Georgia Ports invests US$170 million in new hybrid yard cranes
SAVANNAH : The Georgia Ports Authority (GPA) has decided to spend US$170 million on 55 hybrid-engine rubber-tired gantry cranes to equip the Port of Savannah‘s Ocean Terminal during its transformation into an all-container facility.
“This significant investment in new equipment will help prepare the Port of Savannah to handle more ships and cargo while maintaining the world-class service our customers have come to expect,” stated Griff Lynch, Executive Director of GPA.
The hybrid vehicles will function entirely on electric battery power, with diesel engines only used to replenish batteries. This is expected to decrease fuel usage by 47% when compared to all-diesel machines.
That translates to a yearly saving of 8,800 gallons of fuel per crane, or nearly 500,000 gallons across the Ocean Terminal fleet. At current prices, this will result in fuel buy savings of more than US$1.6 million per year.
When compared to traditional diesel cranes, the new cranes cut pollution in half. The hybrid engines can save up to 127 tonnes per crane, or nearly 7,000 tonnes across the 55-RTG fleet, with an annual average of 4,000 working hours per RTG.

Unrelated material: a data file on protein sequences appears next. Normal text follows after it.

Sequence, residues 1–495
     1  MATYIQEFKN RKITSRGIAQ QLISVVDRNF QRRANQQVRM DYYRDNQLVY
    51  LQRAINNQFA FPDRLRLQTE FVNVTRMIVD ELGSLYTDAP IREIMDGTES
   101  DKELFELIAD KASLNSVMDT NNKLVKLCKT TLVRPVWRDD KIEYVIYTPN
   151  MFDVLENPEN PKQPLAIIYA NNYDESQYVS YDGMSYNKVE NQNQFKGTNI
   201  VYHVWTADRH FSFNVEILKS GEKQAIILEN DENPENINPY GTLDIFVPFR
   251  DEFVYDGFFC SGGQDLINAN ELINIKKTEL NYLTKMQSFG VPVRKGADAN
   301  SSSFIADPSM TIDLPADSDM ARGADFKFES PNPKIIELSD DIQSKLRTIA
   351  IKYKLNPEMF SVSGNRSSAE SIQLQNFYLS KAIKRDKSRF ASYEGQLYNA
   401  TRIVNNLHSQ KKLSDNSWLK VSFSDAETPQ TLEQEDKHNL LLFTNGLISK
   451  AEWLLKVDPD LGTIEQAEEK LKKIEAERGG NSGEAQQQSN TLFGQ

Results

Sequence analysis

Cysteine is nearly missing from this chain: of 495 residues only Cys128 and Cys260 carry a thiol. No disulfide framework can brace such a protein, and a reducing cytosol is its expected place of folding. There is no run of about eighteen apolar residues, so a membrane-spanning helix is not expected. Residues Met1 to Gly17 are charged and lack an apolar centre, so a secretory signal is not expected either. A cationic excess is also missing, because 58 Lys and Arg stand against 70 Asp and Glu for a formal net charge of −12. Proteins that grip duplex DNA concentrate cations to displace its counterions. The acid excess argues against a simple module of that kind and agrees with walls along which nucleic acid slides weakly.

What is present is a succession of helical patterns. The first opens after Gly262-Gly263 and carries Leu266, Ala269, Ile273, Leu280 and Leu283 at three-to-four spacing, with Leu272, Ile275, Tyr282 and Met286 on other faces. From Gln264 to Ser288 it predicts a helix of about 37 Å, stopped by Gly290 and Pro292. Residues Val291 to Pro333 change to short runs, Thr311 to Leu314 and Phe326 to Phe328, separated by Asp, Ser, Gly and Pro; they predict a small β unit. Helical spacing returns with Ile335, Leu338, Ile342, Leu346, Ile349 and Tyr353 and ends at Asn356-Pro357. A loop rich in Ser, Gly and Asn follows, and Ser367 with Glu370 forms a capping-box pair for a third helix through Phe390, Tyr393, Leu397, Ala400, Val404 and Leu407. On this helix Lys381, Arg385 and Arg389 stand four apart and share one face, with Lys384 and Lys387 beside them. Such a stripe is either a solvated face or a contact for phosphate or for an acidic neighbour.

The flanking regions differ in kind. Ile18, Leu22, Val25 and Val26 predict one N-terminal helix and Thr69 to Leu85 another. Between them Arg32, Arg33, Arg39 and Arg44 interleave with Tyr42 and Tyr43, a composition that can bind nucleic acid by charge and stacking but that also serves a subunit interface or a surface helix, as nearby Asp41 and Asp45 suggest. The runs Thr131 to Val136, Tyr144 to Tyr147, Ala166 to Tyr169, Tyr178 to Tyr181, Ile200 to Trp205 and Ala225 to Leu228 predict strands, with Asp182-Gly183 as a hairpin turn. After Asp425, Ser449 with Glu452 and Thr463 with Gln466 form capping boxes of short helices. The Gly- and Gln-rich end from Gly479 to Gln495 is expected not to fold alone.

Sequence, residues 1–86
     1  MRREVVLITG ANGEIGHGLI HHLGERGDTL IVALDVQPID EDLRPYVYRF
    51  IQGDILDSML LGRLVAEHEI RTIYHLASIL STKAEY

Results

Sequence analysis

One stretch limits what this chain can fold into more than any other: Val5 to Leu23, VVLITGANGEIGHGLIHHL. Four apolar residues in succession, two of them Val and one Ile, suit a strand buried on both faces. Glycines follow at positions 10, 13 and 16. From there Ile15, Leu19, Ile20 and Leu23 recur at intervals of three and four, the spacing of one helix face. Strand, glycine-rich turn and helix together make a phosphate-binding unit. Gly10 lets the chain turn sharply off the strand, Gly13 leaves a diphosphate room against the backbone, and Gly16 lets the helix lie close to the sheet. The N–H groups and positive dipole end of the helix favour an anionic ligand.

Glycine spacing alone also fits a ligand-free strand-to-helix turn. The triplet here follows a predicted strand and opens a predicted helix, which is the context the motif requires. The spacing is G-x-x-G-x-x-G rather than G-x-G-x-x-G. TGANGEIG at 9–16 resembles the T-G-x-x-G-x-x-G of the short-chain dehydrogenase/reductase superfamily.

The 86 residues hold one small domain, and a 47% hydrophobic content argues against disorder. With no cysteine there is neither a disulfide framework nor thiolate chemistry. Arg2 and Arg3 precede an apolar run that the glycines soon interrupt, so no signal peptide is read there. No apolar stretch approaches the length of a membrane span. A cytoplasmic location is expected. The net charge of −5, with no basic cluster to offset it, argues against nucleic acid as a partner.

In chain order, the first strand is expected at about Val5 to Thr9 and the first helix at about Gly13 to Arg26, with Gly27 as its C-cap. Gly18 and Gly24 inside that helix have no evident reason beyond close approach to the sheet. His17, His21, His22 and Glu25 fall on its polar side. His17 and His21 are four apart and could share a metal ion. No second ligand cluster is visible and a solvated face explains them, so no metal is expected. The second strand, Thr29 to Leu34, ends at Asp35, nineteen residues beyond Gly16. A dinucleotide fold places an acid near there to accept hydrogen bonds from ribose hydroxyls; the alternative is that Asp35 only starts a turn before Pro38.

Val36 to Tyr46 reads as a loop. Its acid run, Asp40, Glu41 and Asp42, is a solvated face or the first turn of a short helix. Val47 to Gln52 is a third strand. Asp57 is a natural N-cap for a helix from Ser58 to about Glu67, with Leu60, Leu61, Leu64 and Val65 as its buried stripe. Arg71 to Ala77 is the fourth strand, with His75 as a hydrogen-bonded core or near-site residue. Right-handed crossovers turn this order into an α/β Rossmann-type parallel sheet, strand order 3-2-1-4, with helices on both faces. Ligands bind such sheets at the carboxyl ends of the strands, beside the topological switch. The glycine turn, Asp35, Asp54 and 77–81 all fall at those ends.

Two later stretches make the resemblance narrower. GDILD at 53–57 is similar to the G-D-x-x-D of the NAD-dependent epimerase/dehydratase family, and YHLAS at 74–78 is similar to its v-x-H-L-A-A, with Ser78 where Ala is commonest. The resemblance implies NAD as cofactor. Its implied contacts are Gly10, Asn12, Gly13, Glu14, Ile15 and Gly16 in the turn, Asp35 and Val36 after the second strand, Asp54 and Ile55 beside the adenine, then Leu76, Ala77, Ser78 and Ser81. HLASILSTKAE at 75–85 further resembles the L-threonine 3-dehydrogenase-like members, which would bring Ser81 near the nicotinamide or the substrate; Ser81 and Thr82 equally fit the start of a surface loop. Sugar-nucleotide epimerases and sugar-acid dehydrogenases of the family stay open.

The cranes are part of the Ocean Terminal makeover. The Georgia Ports Authority is also constructing two large ship berths and upgrading the paving surface to accommodate container stacks at the site. These initiatives will increase the number of neopanamax vessels that the Port of Savannah can handle at the same time to six.
GPA will install eight new all-electric ship-to-shore cranes at Ocean Terminal by 2026 to handle the bigger ships. Three older cranes that are not suitable for handling neopanamax vessels will be replaced by the higher ship-to-shore cranes. The terminal’s yearly capacity will be 2 million TEUs when completed.